Just 14 years after the Wright brothers flew the first powered airplane at Kitty Hawk, NASA Langley Research Center was founded to figure out how to get aircraft to go higher, faster, farther.
More than a century later, it’s still at it.
Among its goals today is developing technologies to get planes bulleting in the blistering, heady realm of hypersonics, or more than five times the speed of sound.
“Imagine being able to build an airplane that can travel anywhere in the world in about two hours,” said Mark Lewis, director of the D.C.-based Science and Technology Policy Institute. “Think about how that would radically change the world. Think about the advanced technologies that go into being able to do something like that.”
Hypersonics, he said, makes aviation sexy again.
“Every once in a while, I hear somebody say something like, ‘Well, aeronautics is kind of a mature discipline, there isn’t a lot new in aeronautics, we know how to build airplanes, airplanes are kind of old hat,’ ” Lewis said. “No, no, no, this is still a really exciting field. ‘Aeronautics’ and ‘aviation’ writ large.”
On Tuesday, Lewis will offer a free public presentation on “Hypersonic Flight: Challenges, Successes and Opportunities” at the Virginia Air & Space Center in downtown Hampton. He’ll appear at 7:30 p.m. as part of NASA Langley’s monthly Sigma lecture series.
Among his credentials: Lewis is the longest-serving U.S. Air Force chief scientist in its history, and for 24 years served on the faculty at the University of Maryland, where he also chaired the Department of Aerospace Engineering.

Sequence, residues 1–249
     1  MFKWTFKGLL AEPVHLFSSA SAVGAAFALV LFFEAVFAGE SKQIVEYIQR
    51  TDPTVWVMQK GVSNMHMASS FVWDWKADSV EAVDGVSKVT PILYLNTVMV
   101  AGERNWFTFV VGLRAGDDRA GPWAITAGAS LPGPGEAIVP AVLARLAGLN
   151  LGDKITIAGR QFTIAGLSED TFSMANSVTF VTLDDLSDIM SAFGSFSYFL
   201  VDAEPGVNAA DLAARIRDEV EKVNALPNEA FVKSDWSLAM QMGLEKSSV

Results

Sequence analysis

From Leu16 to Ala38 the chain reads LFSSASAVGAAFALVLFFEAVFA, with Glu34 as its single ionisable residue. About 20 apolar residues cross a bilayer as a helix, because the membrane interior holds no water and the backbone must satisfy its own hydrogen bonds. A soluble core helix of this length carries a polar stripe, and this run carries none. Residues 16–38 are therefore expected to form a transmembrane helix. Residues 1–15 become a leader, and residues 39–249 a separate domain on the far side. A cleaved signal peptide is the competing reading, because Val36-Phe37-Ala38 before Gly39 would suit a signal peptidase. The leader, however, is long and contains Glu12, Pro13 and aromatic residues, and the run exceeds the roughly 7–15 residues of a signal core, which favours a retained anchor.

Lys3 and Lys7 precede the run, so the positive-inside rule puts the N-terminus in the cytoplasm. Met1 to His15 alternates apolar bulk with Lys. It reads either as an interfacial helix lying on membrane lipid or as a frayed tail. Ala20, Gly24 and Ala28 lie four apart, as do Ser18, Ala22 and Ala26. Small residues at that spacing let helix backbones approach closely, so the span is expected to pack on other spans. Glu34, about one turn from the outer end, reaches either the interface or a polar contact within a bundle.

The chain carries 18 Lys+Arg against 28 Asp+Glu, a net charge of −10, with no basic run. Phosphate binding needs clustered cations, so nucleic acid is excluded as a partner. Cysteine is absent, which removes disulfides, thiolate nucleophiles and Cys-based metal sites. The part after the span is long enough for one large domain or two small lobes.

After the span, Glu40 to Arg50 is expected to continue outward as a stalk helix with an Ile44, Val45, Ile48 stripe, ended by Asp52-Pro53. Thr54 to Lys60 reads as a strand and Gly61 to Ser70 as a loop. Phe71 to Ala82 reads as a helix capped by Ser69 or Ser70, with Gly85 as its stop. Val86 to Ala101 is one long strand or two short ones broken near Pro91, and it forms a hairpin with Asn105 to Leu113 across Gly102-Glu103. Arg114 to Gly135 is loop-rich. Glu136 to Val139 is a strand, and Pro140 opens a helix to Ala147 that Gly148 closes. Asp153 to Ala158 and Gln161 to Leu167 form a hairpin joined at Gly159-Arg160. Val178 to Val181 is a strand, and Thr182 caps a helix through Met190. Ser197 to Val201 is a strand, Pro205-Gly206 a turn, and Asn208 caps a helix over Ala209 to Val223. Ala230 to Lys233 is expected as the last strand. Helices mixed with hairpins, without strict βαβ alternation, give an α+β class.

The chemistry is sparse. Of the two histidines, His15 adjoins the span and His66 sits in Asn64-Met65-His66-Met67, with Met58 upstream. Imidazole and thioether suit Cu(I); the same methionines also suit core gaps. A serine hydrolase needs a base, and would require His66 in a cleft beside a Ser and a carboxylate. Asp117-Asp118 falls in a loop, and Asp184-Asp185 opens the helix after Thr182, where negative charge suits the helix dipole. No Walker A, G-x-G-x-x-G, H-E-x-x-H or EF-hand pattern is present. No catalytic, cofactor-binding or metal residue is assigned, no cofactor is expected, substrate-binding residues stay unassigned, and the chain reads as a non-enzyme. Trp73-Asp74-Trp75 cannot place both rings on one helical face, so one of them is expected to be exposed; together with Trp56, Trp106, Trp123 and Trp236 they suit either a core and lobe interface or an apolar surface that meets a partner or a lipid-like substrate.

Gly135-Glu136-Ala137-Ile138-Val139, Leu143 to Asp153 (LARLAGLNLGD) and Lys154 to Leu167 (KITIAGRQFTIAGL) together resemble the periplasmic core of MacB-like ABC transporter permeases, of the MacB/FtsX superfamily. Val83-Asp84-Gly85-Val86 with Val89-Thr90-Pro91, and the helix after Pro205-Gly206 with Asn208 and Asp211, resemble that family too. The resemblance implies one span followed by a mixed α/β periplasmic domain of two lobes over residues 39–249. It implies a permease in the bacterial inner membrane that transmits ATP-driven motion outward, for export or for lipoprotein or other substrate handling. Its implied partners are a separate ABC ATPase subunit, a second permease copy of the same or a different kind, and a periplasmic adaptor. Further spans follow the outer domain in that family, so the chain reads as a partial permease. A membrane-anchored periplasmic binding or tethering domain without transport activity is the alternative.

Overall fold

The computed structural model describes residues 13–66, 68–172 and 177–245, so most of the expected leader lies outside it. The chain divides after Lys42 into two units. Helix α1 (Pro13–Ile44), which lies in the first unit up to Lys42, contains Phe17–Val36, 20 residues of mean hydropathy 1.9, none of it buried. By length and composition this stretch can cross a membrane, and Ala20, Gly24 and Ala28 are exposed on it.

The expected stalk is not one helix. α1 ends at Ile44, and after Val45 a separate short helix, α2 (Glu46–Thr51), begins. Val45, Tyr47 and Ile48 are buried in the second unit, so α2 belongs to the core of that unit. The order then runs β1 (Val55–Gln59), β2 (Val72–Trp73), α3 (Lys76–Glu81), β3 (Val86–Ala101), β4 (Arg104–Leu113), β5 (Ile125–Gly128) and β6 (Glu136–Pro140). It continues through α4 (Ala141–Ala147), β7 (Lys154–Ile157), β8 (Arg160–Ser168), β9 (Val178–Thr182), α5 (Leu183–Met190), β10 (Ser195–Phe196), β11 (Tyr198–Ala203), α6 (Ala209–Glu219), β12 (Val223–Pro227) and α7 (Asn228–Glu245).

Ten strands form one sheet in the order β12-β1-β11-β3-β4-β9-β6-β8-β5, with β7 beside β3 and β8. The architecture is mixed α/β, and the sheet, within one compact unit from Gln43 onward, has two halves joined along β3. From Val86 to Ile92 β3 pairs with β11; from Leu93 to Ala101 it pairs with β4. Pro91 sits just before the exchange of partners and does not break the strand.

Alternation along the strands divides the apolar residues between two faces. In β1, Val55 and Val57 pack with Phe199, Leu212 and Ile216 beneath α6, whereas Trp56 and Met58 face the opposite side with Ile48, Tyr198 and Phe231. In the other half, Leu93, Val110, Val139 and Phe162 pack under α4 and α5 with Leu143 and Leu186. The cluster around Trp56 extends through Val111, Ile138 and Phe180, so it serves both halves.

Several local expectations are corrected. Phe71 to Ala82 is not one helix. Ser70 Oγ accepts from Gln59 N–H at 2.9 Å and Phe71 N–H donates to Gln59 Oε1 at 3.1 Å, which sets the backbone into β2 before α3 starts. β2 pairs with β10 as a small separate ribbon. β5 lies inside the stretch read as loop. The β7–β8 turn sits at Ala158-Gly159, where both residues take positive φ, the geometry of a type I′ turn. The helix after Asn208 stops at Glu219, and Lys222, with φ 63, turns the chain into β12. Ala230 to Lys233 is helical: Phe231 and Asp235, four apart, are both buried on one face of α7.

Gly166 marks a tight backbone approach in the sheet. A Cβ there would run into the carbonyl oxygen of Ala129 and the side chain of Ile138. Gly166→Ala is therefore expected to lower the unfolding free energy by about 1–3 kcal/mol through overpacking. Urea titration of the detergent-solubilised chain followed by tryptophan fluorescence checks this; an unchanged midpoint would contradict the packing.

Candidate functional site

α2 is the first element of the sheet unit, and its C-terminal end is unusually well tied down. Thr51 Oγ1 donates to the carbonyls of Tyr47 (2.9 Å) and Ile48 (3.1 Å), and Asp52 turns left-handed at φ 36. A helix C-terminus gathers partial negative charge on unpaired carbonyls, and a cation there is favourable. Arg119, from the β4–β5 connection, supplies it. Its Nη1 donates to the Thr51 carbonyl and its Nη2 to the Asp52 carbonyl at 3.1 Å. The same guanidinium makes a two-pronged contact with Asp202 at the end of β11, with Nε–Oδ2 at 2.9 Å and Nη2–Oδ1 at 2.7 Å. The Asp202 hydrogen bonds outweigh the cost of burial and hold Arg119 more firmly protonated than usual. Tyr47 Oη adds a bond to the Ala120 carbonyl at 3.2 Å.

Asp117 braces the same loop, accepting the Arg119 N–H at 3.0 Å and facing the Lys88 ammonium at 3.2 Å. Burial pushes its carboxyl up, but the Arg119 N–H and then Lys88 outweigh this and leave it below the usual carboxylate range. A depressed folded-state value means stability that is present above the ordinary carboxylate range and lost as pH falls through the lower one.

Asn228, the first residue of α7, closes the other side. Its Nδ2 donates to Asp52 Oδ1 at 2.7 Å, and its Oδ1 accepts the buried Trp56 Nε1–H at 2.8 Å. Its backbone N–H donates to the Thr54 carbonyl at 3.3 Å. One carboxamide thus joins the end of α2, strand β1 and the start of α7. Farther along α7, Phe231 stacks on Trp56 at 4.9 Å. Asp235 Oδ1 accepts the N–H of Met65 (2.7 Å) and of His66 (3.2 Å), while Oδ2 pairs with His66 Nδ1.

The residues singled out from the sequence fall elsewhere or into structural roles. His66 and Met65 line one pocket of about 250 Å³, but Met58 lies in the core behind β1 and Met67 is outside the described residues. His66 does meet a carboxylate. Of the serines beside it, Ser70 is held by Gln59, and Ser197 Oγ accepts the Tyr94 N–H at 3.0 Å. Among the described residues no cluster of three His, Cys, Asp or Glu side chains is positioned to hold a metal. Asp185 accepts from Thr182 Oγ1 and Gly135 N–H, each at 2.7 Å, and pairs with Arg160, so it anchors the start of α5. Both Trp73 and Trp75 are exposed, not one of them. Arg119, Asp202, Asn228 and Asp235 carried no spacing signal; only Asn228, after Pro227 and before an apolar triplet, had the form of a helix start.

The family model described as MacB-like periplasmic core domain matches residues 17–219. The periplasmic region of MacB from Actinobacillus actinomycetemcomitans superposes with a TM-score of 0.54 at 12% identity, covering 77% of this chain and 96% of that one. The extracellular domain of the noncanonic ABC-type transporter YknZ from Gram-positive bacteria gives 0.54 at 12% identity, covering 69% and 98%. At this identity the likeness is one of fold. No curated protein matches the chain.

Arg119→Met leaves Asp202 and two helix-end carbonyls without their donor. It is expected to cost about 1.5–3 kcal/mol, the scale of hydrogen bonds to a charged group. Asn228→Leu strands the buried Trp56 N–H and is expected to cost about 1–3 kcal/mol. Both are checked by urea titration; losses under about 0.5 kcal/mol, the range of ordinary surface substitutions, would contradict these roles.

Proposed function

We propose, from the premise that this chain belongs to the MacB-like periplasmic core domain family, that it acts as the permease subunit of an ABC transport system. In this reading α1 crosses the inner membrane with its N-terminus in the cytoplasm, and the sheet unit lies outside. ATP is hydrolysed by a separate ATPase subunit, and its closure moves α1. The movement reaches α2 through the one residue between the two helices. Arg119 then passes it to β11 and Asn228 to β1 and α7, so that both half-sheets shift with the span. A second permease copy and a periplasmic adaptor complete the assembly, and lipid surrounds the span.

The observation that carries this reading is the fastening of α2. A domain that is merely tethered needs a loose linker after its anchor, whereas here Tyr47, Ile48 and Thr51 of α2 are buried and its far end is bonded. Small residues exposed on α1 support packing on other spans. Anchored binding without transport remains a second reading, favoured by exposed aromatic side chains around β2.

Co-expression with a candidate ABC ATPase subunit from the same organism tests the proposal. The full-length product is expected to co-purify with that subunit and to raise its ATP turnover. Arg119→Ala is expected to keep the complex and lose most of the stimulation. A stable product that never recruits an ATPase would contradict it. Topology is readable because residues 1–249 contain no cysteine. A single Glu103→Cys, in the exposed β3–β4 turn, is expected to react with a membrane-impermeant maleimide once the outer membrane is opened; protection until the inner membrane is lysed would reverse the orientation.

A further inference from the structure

He also consults frequently with NASA and the Langley center, and on Monday will take part in a Langley workshop to assess the space agency’s future hypersonic wind tunnel needs.
Robert C. Scott, associate director for aerosciences at NASA Langley, recommended Lewis for the Sigma series because he’s “well-positioned to frame current and future national hypersonics investments and explain the roles and responsibilities of NASA and the Department of Defense.”
Those roles don’t always align.
“While fundamental hypersonic research and development at NASA and the DoD is often performed collaboratively,” Scott said, “later-stage R&D in each agency has distinctly different goals.”
The Defense Department, he said, is primarily focused on weapons development, while NASA focuses on “crewed systems, affordable access to space and landing large payloads on Mars.”
Hypersonic arms race?
Lewis is well-versed in both civilian and military applications for hypersonics, and notes a growing drumbeat for next-generation weapons and defense systems.
Since the dawn of the space age, the United States led the world in hypersonics technologies, much of it honed in wind tunnels at Langley.
Then, half a dozen years ago, interest and investment began to lag, in part because of a change in leadership and shifting budget priorities, Lewis said. Meanwhile, other countries ramped up their own hypersonics research, including in warfighting technologies.
“I think it involved a bit of hubris in that we assumed that we were so far ahead that we could take a leisurely pace,” said Lewis. “I think we lacked a sense of urgency, frankly. And it caught up with us.”
In his State of the Union address in March, Russian President Vladimir Putin boasted of his country’s developing hypersonic arsenal – highly maneuverable missiles that “can reach any point in the world” and destroy targets with “hypersonic speed and high precision.”
He claimed his new Avangard glide vehicle – designed to launch atop an intercontinental ballistic missile and soar above the atmosphere – could reach targets at 20 times the speed of sound and obliterate them “like a fireball.”
“There are no systems like that in the world,” Putin said.
He called them “invincible,” and alarmed Pentagon experts agreed.
Air Force Gen. John Hyten told the Senate Armed Services Committee, also in March: “We don’t have any defense that could deny the employment of such a weapon against us.”
In a CNBC report two months later, Thomas Karako, director of the Missile Defense Project at the Center for Strategic and International Studies, urged funding for space-based sensors to help counter them.